The next front in jail reform
September 12, 2013
It’s now been two full years since my colleagues on the Board of Supervisors and I appointed a special commission to investigate allegations of widespread brutality by deputies in our county jails. The panel’s creation stands as a clear demonstration of our commitment to ensuring that the constitutional rights of inmates are protected and that members of the Sheriff’s Department, no matter what their rank, are held accountable for transgressions.
Among its findings, released one year ago this month, the Citizens’ Commission on Jail Violence recommended dozens of reforms to restore integrity to the nation’s largest jail system. Although some of those reforms have yet to be implemented—including the hiring of a watchdog Inspector General—measurable improvements are taking root.
But the job’s not nearly done. This is especially true when it comes to a big slice of the jail population that poses a uniquely difficult challenge for the county—the more than 2,000 inmates coping with mental health issues. In an environment of control and conformity, they require a level of individualized care that the system seems unable to consistently provide.
The Sheriff’s Department certainly didn’t ask for its jails to be our mental hospitals of last resort when state mental health dollars and facilities began disappearing decades ago. Clearly, the county’s far-flung lockups were neither designed nor intended for the special needs of these troubled individuals whose mental state likely contributed to the criminality that led to their confinement. But that’s the reality we have faced for years, and it is our obligation to act now with the same sense of urgency we’ve displayed in confronting the problem of deputy violence.
In fact, we’ve been assuring the federal government of our dedication to this mission for the past 11 years, assurances that now apparently have worn thin.
In 2002, the county entered into a Memorandum of Agreement with the Justice Department’s Civil Rights Division, which had concluded that the jail’s staff was engaged in such “abuse and mistreatment of prisoners with mental illnesses” as improperly using physical restraints and providing inadequate facilities and staffing. The Sheriff’s Department, along with the county’s mental health agency, agreed to fix the failings and cooperate in bi-annual federal inspections to ensure that inmates’ constitutional rights were not being violated.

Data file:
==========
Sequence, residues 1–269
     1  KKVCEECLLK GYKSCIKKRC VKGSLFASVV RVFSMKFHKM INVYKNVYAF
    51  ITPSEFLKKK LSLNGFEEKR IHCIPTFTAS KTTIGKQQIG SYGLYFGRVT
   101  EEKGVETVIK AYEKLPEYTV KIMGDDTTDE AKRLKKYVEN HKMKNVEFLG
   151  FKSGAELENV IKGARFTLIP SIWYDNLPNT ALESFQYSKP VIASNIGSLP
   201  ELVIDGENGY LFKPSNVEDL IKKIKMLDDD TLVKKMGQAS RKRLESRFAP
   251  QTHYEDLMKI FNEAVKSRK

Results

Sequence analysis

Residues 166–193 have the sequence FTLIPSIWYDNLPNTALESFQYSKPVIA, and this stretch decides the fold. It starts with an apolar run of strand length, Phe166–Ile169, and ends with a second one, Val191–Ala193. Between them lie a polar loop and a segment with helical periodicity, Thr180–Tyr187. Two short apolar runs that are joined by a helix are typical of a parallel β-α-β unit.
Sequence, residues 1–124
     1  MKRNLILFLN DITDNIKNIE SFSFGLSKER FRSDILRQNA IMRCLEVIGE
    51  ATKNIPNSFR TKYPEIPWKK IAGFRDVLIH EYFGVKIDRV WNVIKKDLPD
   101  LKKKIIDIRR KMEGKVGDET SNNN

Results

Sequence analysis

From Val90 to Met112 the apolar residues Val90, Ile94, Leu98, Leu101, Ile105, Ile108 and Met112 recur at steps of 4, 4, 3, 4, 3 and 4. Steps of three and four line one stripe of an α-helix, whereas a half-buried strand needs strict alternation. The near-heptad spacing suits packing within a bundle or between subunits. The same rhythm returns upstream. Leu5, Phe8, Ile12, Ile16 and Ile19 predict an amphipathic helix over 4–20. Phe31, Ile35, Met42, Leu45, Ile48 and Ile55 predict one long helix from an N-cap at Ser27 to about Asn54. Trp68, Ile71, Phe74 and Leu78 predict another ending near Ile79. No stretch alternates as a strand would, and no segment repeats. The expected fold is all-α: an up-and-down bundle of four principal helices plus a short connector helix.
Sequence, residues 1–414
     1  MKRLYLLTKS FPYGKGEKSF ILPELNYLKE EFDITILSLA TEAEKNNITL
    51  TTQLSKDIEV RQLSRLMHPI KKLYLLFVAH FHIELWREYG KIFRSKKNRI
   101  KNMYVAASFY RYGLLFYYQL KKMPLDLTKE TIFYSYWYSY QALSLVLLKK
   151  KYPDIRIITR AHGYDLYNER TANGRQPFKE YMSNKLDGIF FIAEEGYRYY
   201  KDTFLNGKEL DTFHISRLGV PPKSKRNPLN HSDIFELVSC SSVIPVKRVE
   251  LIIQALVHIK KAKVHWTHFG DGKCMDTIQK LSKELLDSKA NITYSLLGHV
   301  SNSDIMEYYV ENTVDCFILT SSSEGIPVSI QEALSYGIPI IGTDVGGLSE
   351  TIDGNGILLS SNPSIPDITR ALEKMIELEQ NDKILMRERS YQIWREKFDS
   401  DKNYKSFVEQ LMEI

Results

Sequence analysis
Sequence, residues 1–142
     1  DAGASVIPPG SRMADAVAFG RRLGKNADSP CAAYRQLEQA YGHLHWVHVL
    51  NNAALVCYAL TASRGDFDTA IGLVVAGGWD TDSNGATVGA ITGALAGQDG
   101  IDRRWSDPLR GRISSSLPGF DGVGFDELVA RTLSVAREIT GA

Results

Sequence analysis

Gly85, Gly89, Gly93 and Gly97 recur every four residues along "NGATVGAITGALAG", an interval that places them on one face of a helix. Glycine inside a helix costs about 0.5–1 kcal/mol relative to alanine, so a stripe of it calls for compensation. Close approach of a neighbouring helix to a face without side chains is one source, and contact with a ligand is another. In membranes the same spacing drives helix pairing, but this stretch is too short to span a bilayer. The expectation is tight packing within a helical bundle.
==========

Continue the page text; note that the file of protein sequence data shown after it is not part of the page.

But last week, U.S. Justice Department officials notified the county that they were opening a civil investigation into the allegations of excessive force and undertaking a new “assessment” of the mental health agreement. In a letter to Chief Executive Officer William T Fujioka and Sheriff Baca, justice officials acknowledged the county’s progress in this latter area, but stated bluntly that “significant problems remain.” They cited, among other things, the growing number of inmates with serious mental illnesses who are being housed in “obsolete and dilapidated conditions at Men’s Central Jail” and an increase this year in jail suicides.
I fully agree that the current conditions for mentally ill inmates inside the archaic and depressing central jail are unacceptable—as do my colleagues. In May, acting on a motion I authored, the board voted to take the first steps in the possible construction of an Integrated Treatment Center, which would house all mentally ill inmates and provide care consistent with the federal Civil Rights of Institutionalized Persons Act.
Our action, which represents a potential investment in jail reform for the mentally ill of well over $1 billion, should clearly signal to federal officials our desire to get this right.
I know there are some who’ll see the federal government’s stepped-up scrutiny of our jail system as an intrusion into our local affairs, usurping our sounder, closer-to-the-ground judgment. I disagree. I believe the federal government’s concerns will generate an important public conversation about what needs to be done so the county can move forward without potential federal litigation to force our compliance.
And that conversation could not come at a more crucial time, as our bursting jail system confronts unprecedented pressures because of state legislation AB 109, which has crammed thousands of new inmates into county cells, inmates whose crimes used to land them in state prison.
I also know that the mental health challenges of our inmates do not generate a great deal of concern among a general public that is more concerned about the safety of their neighborhoods. But these are not mutually exclusive goals. Studies show that recidivism drops among mentally ill/dually-diagnosed inmates who receive intensive treatment.
Our system of constitutional government requires that we humanely treat those we place behind bars. But providing adequate mental health treatment to the thousands of inmates in our county jail should also be embraced as a matter of enlightened self-interest.